Some colleges and universities are taking early steps to trim next fall’s costs for students.
Ohio State President Gordon Gee announced last week he will ask trustees in April to freeze undergraduate tuition at OSU’s current level. That follows a similar step by the University of Toledo, which last fall froze tuition, fees, room and board for the coming year.
“We are trying to hold down all of our costs so that we make Ohio State as affordable as possible,” Dolan Evanovich, vice president for enrollment services, said. Gee wants to show the university is a good steward of state money, he said.
Gov. John Kasich’s proposed budget would include a 1.9 percent increase for higher education and would cap tuition increases at tax-supported colleges and universities at 2 percent of their tuition or the average for their sector, such as community colleges or four-year universities, whichever is greater.
President Obama echoed a similar theme in his State of the Union address this month: “Taxpayers can’t keep on subsidizing higher and higher and higher costs for higher education,” he said. “Colleges must do their part to keep costs down, and it’s our job to make sure that they do.”
Other colleges and universities in Ohio are reducing costs in other ways.
Cleveland State, for instance, has removed the upper limit on the full-time undergraduate tuition load. That means students can take as many classes as they want without paying hundreds of dollars in extra fees for each credit hour.
Baldwin Wallace University and Ashland University offer four-year graduation guarantees. If a student’s education goes into a fifth or sixth year through no fault of his or her own, the universities would pick up the tab.
The private University of Dayton promises that grants and scholarships will keep pace with rising prices, ensuring that students pay the same dollar amount out of pocket each year. Students who commit to attend by March 1 also get $1,000 a year for books.
Rob Durkle, assistant vice president for enrollment management at Dayton, said he knows of no other college or university offering similar incentives.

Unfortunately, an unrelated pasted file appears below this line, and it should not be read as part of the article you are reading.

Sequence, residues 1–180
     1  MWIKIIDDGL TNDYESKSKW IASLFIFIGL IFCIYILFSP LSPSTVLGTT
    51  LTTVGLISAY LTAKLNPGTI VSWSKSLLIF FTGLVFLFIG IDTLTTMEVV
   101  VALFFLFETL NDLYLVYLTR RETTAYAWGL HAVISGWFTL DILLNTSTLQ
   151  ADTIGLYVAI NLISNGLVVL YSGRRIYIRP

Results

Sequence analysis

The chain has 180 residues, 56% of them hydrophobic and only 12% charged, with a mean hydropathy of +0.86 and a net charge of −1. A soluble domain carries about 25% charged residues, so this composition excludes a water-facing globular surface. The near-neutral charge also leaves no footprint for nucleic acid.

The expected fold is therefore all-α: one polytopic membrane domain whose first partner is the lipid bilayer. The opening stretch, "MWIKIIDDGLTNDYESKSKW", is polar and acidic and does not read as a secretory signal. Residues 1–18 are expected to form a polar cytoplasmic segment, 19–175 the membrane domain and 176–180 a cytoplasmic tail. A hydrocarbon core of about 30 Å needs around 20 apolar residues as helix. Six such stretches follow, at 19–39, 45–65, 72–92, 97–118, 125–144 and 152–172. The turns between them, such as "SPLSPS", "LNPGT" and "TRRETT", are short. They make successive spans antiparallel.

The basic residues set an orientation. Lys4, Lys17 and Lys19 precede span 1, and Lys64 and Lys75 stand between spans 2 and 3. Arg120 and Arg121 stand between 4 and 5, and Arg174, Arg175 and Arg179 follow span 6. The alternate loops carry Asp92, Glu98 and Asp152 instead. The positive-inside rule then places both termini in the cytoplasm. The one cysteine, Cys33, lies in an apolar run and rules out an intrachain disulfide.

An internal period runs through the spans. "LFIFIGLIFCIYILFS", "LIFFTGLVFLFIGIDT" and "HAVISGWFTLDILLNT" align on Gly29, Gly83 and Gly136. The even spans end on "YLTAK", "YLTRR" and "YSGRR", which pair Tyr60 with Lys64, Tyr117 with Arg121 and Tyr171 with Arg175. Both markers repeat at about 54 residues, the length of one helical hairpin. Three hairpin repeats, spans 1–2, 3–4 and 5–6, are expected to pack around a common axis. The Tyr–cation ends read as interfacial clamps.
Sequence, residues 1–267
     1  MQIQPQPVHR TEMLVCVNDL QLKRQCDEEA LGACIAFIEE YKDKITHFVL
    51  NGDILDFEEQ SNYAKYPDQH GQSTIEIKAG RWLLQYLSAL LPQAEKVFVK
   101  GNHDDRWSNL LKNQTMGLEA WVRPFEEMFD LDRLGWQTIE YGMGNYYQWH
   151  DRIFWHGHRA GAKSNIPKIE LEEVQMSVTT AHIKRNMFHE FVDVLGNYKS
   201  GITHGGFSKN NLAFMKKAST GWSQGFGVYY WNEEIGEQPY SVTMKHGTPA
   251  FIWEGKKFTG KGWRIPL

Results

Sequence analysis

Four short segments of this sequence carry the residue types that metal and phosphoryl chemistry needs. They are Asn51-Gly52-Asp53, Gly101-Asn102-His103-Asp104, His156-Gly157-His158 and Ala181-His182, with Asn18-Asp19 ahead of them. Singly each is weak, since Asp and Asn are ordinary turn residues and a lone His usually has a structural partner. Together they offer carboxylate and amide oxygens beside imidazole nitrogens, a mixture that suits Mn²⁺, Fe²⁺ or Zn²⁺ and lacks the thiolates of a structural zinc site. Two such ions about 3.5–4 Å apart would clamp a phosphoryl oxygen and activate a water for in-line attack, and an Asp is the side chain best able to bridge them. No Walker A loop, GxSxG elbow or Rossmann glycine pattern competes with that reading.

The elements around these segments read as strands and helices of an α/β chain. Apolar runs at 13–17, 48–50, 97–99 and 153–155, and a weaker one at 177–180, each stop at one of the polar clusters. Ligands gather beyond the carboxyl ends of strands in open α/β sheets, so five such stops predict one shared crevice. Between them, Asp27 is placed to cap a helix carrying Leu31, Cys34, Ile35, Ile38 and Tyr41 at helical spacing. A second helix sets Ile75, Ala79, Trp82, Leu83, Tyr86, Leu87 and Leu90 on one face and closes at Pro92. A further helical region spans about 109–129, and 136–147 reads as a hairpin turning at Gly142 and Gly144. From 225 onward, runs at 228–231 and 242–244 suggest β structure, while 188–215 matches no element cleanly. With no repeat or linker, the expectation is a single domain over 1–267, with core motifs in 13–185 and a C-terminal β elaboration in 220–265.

“We want to be a leader in the financing of higher education,” he said.
Do the initiatives signal a stronger interest in holding down costs?
Richard Vedder, director of the Center for College Affordability and Productivity and a frequent critic of colleges, said it might.
“Universities are being forced by sheer economic forces to moderate their tuition increases,” said Vedder, an economics professor at Ohio University. “The pressure is on.”
Ohio State’s Gee told the Ohio House Subcommittee on Higher Education that he will ask OSU trustees in April to hold next year’s tuition at this year’s level — $10,036 for full-time, in-state undergraduates.
He said that OSU is able to do that because it streamlined operations and leased its parking operations, among other initiatives.
Decisions beyond undergraduate tuition — for fees, room and board, out-of-state tuition and law and graduate school tuition — are being analyzed, Evanovich, the vice presdident, said.
Ohio State’s freeze might not serve as the template for other tax-supported universities.
“What’s happened at Ohio State really doesn’t impact our decision-making at Kent State,” spokesman Eric Mansfield said.
He said the earliest KSU trustees would consider tuition and fees would be in May.
University of Akron spokeswoman Eileen Korey said in an email that UA administrators “commend Ohio State for taking action to limit the financial burden” and that UA administrators had not made a recommendation about tuition to trustees.
The UA law school, however, announced this month that it wants to raise tuition by 6 percent, then freeze it for the duration of the students’ time at UA.
Carol Biliczky can be reached at firstname.lastname@example.org or 3300-996-3729.